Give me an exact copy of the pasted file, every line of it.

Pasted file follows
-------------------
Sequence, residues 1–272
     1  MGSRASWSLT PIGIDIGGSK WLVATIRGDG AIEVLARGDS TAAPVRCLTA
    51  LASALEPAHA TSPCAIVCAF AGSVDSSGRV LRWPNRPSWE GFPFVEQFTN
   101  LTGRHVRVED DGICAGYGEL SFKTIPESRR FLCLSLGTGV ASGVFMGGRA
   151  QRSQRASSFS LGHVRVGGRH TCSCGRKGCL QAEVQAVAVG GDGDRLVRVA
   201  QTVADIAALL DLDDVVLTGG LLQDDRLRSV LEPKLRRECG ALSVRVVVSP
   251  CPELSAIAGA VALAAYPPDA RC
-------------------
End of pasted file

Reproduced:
Sequence, residues 1–272
     1  MGSRASWSLT PIGIDIGGSK WLVATIRGDG AIEVLARGDS TAAPVRCLTA
    51  LASALEPAHA TSPCAIVCAF AGSVDSSGRV LRWPNRPSWE GFPFVEQFTN
   101  LTGRHVRVED DGICAGYGEL SFKTIPESRR FLCLSLGTGV ASGVFMGGRA
   151  QRSQRASSFS LGHVRVGGRH TCSCGRKGCL QAEVQAVAVG GDGDRLVRVA
   201  QTVADIAALL DLDDVVLTGG LLQDDRLRSV LEPKLRRECG ALSVRVVVSP
   251  CPELSAIAGA VALAAYPPDA RC